So what should you do when Sinosure comes knocking on your door threatening you and your company with all kinds of harm? One thing for certain: Do not go to China to try to resolve the matter with your Chinese manufacturer. For why not, see Maybe Owe Money To China? Don’t Go There. Second, do not for even one second believe that Sinosure’s lawyers or collection agencies care about anything but getting money from you. In particular, do not believe they care at all that your Chinese manufacturer sent you unusable product. And why should they? If you don’t have a China-centric contract with your Chinese manufacturer that clearly specifies the quality of product you are to receive, Chinese law is almost certainly on the side of your Chinese manufacturer in any event.

There is no one good way to deal with a rampaging Sinosure and the best way for you will depend on your specific contracts, your specific situation, and your specific goals. When our lawyers are retained to represent Sinosure victims, we begin by asking them the following questions:

  • How much is being claimed against you? There is no point in hiring a lawyer if the amount at stake is too low to warrant it.
  • Why have you not paid? This greatly influences our initial strategies.
  • To whom do you owe the money? We usually follow up by asking how important the creditor is to the debtor’s business.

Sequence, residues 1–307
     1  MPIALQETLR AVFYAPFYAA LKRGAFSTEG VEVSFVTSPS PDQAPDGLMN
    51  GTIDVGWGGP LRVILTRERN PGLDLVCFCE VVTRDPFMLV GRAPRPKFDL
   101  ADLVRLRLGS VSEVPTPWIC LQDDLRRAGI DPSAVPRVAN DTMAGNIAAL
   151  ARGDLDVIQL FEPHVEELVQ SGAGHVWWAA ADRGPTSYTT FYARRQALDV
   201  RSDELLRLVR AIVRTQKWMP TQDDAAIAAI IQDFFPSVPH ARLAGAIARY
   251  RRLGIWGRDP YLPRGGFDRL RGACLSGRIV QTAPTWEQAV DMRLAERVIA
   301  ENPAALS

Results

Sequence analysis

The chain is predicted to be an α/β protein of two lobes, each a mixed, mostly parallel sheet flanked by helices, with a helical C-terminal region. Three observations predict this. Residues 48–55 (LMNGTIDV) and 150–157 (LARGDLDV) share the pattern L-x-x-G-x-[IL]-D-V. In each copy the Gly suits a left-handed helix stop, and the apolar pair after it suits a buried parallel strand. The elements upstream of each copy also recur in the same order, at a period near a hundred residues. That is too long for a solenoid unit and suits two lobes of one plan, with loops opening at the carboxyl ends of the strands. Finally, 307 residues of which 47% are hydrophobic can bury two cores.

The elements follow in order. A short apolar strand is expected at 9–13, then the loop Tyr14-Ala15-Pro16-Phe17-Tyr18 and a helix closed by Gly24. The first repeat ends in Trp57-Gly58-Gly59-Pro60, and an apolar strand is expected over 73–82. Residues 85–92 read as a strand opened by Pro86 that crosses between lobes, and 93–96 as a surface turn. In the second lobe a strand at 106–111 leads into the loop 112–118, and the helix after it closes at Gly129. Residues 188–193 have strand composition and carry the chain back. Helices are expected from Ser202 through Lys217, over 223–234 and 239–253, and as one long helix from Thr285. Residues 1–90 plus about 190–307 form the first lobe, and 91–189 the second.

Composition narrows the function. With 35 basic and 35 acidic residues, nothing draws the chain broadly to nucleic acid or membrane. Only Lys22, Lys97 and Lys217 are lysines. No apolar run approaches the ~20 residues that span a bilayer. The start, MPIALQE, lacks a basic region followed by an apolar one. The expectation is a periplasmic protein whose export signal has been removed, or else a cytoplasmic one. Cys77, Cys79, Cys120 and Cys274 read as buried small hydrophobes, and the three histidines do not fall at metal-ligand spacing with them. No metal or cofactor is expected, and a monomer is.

• Do you have other suppliers in China in addition to the one (or more) that claim you owe them money? We are trying to figure out how important it is to solve the Sinosure problem quickly?
  • Is it important you be able to continue doing business in China? Exactly what sort of business? These are important questions for determining strategy.
  • Is it important that you or anyone else in your company be able to go to China? This is an important question for determining strategy.
  • Do you use any of your company’s brand names or logos or other IP on any products or packaging made in China? If so, have you registered those brand names or logos in China? Chinese companies frequently register their debtor’s brand names and logos as China trademarks so as to gain leverage. Often, the first thing we do is shore up the IP registrations of a company involved in any sort of business dispute in China. You do not want to go into battle without first patching up a gaping wound.

But what about Sinosure wanting your first born? Is that a real thing? Of course not; that was just for effect. Well, sort of. I say “sort of” because Sinosure does often go after American business owners personally. Can Sinosure do that? Probably not, but maybe. That Sinosure has apparently now added this threat to its arsenal is troubling nonetheless. Sinosure is tough and relentless and a big problem and that problem is growing.

Leave a Reply

Your email address will not be published. Required fields are marked *